If you’re planning on relocating to Japan or working there as a freelancer for an extended period of time, you’ll need to learn about how taxes work in Japan. If you earn money as an individual or as part of an organization while you’re in Japan, you’ll need to pay income taxes.
As a freelancer, you need to register as self-employed and file your own tax returns each year. Failing to pay your taxes properly and on time could impact your residency status and work visa, so it’s important to do your research and get things right!
What You Should Know About Taxes in Japan
Since every country has a unique taxing system, it can be complicated to figure things out when you move to another country. You’ll need to spend plenty of time familiarising yourself with a completely different taxing system, and it’s easy to get caught up in the intricacies.
It’s often helpful to elicit the help of tax accountants in Sapporo or wherever you’re staying in the country. This way, you can make sure you never miss a tax payment or file your tax return incorrectly, and stay on the right side of the law while you’re working on a freelance basis in Japan.
Before you travel to Japan to work as a freelancer, you’ll need to know the following information about the country’s taxing system.
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Permanent residency vs. non-residency taxes
In Japan, permanent residents are required to pay taxes on their worldwide income. So, if they earn money through a global company that they work for, they need to pay income tax on these earnings. This applies even if they earn money while working abroad for an extended period of time as a permanent resident of Japan.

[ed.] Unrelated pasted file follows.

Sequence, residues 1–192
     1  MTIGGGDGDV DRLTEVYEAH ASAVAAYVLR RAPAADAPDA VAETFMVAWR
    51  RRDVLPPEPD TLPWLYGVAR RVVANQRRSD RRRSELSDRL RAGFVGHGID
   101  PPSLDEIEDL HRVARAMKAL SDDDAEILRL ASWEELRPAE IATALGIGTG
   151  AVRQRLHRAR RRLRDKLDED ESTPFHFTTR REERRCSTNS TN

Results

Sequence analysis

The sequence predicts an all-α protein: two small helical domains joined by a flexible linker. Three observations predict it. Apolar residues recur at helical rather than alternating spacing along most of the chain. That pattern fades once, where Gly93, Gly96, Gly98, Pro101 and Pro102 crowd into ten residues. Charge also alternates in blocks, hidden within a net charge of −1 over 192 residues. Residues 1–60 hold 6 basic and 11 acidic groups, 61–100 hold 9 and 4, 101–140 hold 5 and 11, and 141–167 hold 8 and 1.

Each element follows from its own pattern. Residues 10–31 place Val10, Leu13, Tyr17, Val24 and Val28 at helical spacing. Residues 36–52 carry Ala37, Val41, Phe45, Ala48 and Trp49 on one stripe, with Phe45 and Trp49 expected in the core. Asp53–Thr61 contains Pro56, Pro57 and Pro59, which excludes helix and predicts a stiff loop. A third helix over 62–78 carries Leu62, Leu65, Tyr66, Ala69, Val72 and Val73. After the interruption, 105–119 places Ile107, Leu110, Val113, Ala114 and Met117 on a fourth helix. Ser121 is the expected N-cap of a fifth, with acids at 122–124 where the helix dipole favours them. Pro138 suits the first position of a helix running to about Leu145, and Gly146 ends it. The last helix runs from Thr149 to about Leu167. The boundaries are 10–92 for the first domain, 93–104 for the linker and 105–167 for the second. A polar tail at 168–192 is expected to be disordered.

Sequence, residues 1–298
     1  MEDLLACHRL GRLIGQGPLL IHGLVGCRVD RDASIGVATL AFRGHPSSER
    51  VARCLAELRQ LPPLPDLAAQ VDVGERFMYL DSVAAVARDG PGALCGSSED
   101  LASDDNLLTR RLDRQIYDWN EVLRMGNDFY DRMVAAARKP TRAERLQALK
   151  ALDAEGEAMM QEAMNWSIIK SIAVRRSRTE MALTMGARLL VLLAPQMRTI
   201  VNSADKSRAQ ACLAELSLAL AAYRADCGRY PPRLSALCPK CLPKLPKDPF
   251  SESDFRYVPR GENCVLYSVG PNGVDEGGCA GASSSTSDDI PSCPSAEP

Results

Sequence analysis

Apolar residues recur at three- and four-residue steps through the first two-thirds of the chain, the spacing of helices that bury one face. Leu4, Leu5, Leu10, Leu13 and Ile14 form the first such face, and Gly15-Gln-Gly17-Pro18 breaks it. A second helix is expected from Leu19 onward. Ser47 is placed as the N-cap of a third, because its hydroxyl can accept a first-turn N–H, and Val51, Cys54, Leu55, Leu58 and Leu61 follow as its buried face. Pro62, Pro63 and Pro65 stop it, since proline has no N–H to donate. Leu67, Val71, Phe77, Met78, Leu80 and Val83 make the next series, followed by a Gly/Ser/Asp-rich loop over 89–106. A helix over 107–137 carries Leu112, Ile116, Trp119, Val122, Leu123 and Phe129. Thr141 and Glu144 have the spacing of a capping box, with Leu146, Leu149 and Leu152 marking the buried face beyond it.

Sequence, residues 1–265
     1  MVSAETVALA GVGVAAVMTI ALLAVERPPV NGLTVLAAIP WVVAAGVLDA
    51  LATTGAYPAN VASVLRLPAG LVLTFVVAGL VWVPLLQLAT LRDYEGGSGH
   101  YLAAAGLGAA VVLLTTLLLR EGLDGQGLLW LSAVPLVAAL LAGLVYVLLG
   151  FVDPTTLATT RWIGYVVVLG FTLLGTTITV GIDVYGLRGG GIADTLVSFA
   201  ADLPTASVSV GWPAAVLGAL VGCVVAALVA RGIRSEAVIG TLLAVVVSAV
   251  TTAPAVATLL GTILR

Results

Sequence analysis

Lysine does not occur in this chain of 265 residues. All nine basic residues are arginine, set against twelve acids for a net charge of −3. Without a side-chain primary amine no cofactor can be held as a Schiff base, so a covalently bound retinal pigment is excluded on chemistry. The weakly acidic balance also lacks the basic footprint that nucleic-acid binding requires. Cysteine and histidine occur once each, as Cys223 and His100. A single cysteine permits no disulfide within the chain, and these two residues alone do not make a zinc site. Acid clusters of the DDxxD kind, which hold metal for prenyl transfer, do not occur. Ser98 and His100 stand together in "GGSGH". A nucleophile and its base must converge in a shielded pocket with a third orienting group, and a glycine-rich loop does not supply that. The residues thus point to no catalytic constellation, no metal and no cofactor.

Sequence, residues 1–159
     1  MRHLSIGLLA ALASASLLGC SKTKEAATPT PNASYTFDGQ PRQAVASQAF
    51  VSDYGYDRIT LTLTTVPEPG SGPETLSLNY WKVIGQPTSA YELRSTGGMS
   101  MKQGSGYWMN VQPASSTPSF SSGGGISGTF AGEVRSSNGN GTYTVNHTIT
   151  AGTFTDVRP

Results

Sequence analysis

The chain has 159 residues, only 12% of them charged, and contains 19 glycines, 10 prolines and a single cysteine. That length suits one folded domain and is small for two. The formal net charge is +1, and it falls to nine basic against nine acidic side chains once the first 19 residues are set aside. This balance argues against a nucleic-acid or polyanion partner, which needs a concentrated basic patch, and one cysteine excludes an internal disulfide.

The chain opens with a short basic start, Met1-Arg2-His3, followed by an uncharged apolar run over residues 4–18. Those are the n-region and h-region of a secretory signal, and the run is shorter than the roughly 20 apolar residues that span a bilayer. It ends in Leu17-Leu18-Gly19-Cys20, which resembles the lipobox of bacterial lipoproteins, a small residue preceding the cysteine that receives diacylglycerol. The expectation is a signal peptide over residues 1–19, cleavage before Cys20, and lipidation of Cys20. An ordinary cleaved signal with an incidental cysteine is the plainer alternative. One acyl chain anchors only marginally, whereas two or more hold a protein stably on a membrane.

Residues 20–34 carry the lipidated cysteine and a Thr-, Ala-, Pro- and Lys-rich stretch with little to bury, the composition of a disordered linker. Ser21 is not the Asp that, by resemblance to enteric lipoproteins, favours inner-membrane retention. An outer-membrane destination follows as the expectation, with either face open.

The rules are a little different for those who are not permanent residents of Japan but earn money while in the country. In this case, workers are only taxed on income that they earn in Japan itself. They do not need to pay income tax on their earnings sourced from foreign countries.
Thresholds for taxable income
When working in Japan, whether temporarily or permanently, you need to know the thresholds for taxable income and how much tax you’re expected to pay within certain thresholds. As a freelancer, your income might vary year by year, so knowing the different tax brackets can make your life easier when filing your tax returns.
Here is a brief overview of taxable income brackets and relevant tax rates in Japan:
- 0 to 1,950,000 JPY – 5%
- 1,950,000 to 3,300,000 JPY – 10%
- 3,300,001 to 6,950,000 JPY – 20%
- 6,950,001 to 9,000,000 JPY – 23%
- 9,000,001 to 18,000,000 JPY – 33%
- 18,000,001 to 40,000,000 JPY – 40%
- More than 40,000,000 JPY – 45%
A surtax of 2.1% was introduced in 2013 and is assessed based on your individual national income tax.